A few days ago I was watching some Giant Barnacles (Balanus nubilus) feeding in a tidepool. I was trying to get a photo of the feeding activity — the extended appendages (cirri) forming a broad net to capture zooplankton from the water:
Below, look closely to see the fine setae (bristles) along the cirri (appendages) that form a sieve for capturing food particles as the water passes through. [Click on the image for a larger version.]
I continued to scan for individuals that were feeding when I noticed this:
!!! This is something that you don't get to see very often — copulation in barnacles! The long tubular structure extending from the left hand barnacle to the right hand barnacle is a penis. Most barnacle species are known for having very long penes. Barnacles are sessile (attached to the substrate); to mate with a neighbor, it's helpful to have a long reach!
Barnacles are hermaphrodites. One barnacle deposits sperm into the the mantle cavity of another individual. The receiving barnacle then extrudes a batch of eggs which are fertilized. The packet of embryos is moved to the base of the barnacle (inside the mantle cavity) where the brooded embryos continue to develop. The timing varies, but after a couple of weeks, tiny larvae hatch and are released from the adult barnacle. They're free-swimming, planktonic larvae that will eventually return to the adult habitat and undergo metamorphosis into juvenile barnacles.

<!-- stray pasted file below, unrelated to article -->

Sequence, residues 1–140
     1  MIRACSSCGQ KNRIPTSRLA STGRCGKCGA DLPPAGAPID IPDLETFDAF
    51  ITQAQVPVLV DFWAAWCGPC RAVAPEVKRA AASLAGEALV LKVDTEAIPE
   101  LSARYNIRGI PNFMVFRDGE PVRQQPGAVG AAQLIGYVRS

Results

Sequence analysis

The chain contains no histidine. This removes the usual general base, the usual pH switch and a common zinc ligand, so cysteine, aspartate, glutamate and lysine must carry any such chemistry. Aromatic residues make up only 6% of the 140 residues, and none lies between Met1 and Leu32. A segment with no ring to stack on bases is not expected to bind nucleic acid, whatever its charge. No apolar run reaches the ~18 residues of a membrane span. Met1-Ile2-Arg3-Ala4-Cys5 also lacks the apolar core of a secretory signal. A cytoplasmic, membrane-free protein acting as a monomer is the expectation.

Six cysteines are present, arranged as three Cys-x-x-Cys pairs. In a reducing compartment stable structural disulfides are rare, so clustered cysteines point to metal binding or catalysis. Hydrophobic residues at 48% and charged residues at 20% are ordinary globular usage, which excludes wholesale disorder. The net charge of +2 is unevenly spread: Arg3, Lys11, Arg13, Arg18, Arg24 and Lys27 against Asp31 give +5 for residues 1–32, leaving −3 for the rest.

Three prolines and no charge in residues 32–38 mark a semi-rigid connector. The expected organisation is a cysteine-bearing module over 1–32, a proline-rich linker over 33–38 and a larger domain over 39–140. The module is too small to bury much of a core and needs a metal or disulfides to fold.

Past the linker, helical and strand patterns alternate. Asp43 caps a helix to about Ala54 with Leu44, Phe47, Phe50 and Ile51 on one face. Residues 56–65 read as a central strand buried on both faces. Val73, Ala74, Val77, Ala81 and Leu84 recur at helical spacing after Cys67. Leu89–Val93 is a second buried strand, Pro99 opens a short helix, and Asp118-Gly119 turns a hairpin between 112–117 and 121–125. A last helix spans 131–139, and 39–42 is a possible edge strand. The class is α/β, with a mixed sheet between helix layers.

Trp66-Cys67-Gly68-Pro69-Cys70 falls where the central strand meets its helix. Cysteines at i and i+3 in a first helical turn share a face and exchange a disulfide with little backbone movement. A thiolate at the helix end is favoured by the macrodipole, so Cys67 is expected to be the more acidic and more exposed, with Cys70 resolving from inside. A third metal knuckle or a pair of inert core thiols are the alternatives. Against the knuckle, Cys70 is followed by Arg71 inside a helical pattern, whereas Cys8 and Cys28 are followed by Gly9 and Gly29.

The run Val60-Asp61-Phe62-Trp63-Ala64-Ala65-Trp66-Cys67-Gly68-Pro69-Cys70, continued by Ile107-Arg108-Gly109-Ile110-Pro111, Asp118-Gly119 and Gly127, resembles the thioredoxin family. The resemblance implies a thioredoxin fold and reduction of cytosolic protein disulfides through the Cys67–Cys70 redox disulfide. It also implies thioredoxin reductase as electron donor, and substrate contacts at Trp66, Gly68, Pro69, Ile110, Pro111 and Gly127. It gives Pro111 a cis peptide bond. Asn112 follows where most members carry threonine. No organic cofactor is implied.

I captured several photos of Giant Barnacle copulation events, and because it's relatively rare to see this in the field, here are two more examples:
I know...you probably didn't expect to see barnacle sex when you checked into this blog today. There's always something different at the Natural History of Bodega Head! :)
These photos were taken along the Oregon coast on 30 May 2017.